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Linda Brown, who was at center of Brown v. Board of Education, dies

Linda Brown, left, attends ceremonies in 1979 observing the anniversary of the Supreme Court's ruling in her father's class-action lawsuit against the Board of Education in Topeka, Kan.
Linda Brown, left, attends ceremonies in 1979 observing the anniversary of the Supreme Court's ruling in her father's class-action lawsuit against the Board of Education in Topeka, Kan.
/AP

Linda Brown, who as a schoolgirl was at the center of the landmark Supreme Court case that rejected racial segregation in American schools, died in Topeka, Kan., Sunday afternoon.

Her sister, Cheryl Brown Henderson, confirmed the death to The Topeka Capital-Journal. The newspaper says Brown was 76.

The 1954 U.S. Supreme Court case, Brown v. Board of Education, involved several families, all trying to dismantle decades of federal education practices that segregated schools for black and white students. But it began with Brown's father Oliver, who in 1950 tried to enroll her at the Sumner School, an all-white elementary school in Topeka. The school board prohibited the child from enrolling and Brown filed the lawsuit against the Topeka Board of Education.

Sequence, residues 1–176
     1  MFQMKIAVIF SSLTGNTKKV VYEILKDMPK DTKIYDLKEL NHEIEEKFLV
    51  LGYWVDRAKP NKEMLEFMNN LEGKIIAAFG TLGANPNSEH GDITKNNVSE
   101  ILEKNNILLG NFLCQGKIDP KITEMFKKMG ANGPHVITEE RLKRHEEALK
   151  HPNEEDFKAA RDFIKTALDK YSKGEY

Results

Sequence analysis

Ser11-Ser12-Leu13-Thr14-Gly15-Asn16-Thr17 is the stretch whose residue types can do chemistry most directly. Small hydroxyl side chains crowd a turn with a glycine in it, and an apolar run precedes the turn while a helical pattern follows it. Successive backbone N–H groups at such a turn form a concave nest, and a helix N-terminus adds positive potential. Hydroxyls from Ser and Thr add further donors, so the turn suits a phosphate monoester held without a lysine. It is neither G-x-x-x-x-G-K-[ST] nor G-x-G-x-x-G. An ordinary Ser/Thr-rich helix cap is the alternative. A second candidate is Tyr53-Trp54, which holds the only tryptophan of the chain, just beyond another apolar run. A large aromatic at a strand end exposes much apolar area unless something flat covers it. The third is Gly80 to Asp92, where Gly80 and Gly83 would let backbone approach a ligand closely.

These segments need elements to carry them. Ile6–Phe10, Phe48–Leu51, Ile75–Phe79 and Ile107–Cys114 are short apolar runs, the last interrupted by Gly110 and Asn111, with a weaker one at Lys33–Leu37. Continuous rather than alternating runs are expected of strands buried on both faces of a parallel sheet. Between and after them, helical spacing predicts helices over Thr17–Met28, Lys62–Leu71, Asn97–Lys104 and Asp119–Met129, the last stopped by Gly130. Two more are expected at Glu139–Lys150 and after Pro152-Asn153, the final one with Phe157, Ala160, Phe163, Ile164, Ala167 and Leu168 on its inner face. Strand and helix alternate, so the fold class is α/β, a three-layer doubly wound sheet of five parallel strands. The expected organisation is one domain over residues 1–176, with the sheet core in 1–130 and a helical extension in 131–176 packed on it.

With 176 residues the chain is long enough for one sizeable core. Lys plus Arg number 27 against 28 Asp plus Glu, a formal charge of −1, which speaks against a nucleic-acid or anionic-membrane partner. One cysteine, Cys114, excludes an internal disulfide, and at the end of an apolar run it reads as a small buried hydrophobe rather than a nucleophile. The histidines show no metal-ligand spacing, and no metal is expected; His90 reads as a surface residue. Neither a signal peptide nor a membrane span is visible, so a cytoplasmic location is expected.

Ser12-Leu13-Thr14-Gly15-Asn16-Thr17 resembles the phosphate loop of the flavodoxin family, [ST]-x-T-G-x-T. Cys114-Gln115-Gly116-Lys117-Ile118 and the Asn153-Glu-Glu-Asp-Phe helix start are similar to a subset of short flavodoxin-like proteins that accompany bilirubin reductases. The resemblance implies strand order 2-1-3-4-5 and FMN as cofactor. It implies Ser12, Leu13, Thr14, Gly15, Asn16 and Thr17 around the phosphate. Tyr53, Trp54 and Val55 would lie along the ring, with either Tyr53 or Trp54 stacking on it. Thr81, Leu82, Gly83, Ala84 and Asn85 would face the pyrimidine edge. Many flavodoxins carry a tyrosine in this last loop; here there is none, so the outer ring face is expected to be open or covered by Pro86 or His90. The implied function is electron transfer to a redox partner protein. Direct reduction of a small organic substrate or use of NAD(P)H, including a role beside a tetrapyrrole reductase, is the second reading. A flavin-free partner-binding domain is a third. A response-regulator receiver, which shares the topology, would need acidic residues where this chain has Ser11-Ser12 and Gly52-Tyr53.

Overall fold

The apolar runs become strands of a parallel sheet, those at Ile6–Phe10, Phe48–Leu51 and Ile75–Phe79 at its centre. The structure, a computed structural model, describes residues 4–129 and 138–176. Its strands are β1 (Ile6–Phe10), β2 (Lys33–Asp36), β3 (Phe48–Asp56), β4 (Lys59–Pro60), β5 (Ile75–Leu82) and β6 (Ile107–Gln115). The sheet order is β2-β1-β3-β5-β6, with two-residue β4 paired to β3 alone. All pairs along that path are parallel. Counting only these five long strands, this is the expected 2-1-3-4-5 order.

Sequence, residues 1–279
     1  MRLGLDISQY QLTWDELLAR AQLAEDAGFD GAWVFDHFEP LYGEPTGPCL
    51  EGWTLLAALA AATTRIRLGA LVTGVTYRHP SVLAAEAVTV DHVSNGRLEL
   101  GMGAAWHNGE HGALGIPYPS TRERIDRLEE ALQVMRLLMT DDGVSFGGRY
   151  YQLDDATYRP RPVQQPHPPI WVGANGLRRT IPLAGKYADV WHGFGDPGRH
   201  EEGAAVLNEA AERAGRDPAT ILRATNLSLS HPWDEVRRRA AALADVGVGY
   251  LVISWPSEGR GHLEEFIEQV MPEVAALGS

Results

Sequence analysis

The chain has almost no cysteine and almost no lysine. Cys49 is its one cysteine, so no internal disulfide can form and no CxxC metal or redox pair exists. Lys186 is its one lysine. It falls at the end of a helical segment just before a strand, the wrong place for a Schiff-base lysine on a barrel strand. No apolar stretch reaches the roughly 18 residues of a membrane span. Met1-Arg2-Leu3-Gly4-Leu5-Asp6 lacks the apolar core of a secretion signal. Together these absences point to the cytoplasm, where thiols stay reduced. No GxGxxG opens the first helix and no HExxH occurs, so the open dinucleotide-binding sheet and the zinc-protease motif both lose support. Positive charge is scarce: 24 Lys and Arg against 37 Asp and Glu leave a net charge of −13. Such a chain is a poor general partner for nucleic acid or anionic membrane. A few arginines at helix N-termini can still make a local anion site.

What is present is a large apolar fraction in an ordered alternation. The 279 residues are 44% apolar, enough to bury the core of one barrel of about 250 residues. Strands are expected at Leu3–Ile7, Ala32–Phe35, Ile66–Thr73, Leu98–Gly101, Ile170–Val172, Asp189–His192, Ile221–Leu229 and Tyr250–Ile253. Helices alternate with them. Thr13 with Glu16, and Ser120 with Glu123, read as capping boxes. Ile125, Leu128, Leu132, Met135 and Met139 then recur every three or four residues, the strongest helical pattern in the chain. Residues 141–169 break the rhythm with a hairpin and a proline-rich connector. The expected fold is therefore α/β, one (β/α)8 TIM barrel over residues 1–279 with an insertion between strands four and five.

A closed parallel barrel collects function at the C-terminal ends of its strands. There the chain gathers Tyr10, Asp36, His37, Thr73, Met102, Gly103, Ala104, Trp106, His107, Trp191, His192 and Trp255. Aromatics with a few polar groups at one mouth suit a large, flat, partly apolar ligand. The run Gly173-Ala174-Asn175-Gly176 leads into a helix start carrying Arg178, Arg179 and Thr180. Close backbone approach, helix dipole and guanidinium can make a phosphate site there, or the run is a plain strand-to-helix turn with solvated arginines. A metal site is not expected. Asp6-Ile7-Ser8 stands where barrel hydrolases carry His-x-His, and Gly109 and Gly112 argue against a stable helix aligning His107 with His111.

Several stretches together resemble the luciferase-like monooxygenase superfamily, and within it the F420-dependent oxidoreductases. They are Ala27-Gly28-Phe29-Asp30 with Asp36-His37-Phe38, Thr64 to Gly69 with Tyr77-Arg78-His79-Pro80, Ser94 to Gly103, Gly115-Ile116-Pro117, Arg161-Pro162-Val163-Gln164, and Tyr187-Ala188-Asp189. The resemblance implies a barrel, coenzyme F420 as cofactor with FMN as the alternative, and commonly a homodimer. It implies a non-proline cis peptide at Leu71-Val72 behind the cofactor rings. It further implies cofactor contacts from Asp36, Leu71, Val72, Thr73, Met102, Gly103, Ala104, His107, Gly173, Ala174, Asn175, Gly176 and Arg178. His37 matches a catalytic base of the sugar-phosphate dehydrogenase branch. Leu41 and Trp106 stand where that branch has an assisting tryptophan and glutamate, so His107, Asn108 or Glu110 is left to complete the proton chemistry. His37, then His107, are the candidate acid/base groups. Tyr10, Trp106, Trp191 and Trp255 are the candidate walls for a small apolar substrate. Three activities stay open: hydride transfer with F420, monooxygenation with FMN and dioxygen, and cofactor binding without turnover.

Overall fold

Ultimately, four similar cases were combined with Brown's and argued before the Supreme Court.

The court unanimous ruled that segregated schools were inherently unequal.

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